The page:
Japanese government plans to crack down on missing students
“We will give instructions to the school to improve and correct the situation”
There are reports that the University of Tokyo and the Graduate School of Social Welfare informed the Ministry of Education that they had expelled the students, but the university and the ministry did not know the whereabouts of the students.
“We will check the records of the courses attended by the missing foreign students and their presence,” Education Minister Masahiko Shibayama told the Japanese newspaper. The Asahi Shimbun.
âOn this basis, we will give instructions to the school to improve and correct the situation. “
In response to the number of missing students, strict penalties will be imposed on education providers who lose contact with a substantial number of its international students, the government said in a statement.
Among the measures, the ministry plans to inspect establishments with a large number of dropouts and provide instructions on how the establishment needs to improve. Those who do not will be judged “not to have a good management of the pupils” and referred to the Ministry of Justice.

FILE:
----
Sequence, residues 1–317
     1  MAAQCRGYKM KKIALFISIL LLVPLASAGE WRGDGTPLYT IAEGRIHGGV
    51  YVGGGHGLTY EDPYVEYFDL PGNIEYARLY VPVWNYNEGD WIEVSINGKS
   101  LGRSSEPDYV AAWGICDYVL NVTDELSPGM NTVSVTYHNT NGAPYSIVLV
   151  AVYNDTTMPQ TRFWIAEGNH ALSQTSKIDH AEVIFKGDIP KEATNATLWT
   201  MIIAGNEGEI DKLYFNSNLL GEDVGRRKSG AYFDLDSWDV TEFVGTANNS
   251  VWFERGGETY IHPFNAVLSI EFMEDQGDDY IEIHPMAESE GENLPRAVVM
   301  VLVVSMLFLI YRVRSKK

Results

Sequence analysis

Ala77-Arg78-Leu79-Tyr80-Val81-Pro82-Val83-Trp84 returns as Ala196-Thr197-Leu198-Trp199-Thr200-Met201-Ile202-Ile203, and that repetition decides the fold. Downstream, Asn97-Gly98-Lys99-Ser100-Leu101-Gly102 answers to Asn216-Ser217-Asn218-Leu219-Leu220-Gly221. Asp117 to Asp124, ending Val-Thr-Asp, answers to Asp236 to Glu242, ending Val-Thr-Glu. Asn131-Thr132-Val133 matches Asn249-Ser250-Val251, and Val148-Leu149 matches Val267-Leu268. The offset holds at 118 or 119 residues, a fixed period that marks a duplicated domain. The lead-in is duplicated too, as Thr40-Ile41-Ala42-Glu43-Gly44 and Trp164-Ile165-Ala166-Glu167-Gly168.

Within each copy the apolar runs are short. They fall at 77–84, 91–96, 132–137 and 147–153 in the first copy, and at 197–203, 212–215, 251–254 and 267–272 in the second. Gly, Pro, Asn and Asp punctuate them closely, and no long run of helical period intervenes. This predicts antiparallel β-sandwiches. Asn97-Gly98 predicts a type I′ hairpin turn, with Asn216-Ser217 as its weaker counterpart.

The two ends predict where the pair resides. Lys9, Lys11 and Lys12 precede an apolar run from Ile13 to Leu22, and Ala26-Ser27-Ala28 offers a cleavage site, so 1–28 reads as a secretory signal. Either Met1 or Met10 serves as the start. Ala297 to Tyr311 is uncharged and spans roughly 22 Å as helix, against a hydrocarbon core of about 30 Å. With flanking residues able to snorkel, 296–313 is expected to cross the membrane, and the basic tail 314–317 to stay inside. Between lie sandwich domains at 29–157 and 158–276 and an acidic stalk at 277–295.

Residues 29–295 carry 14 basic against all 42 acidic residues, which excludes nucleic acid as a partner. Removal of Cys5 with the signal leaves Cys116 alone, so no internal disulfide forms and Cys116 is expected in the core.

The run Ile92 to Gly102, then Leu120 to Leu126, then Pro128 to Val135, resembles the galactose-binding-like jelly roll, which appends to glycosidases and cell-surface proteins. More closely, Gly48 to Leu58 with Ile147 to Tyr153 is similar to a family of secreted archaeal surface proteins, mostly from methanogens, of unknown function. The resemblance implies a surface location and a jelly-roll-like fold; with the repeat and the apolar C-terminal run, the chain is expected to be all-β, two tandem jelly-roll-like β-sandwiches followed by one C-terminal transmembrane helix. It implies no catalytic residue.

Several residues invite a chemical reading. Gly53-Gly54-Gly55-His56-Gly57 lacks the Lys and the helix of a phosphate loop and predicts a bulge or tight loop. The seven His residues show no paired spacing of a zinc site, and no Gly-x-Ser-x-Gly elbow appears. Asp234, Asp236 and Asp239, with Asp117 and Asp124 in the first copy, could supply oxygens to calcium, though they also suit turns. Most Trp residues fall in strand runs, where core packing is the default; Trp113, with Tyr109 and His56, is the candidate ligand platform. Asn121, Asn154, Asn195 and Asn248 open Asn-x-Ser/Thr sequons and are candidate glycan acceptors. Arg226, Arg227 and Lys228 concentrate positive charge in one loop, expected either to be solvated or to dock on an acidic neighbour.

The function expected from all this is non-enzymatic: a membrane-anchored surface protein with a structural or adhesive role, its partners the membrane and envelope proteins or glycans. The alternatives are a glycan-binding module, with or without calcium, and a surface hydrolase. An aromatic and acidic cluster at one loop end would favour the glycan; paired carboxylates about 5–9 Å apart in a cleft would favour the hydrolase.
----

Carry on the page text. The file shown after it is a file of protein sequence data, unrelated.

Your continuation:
A full investigation into how the University of Tokyo and the Graduate School of Social Welfare lost 700 students is underway, but additional reports indicate that the Immigration Services Agency plans to implement tighter controls for its future students.
The ISA is also considering reducing the length of student visas granted to attend university to one year, from four years and three months. This would allow better follow-up of students, as they would have to reapply each year.
Japan has made several changes to the overall policies of its international education industry, introducing an income threshold for graduates seeking employment in 2018.
The country currently hosts 299,000 international students, just short of its goal of 300,000 by 2020.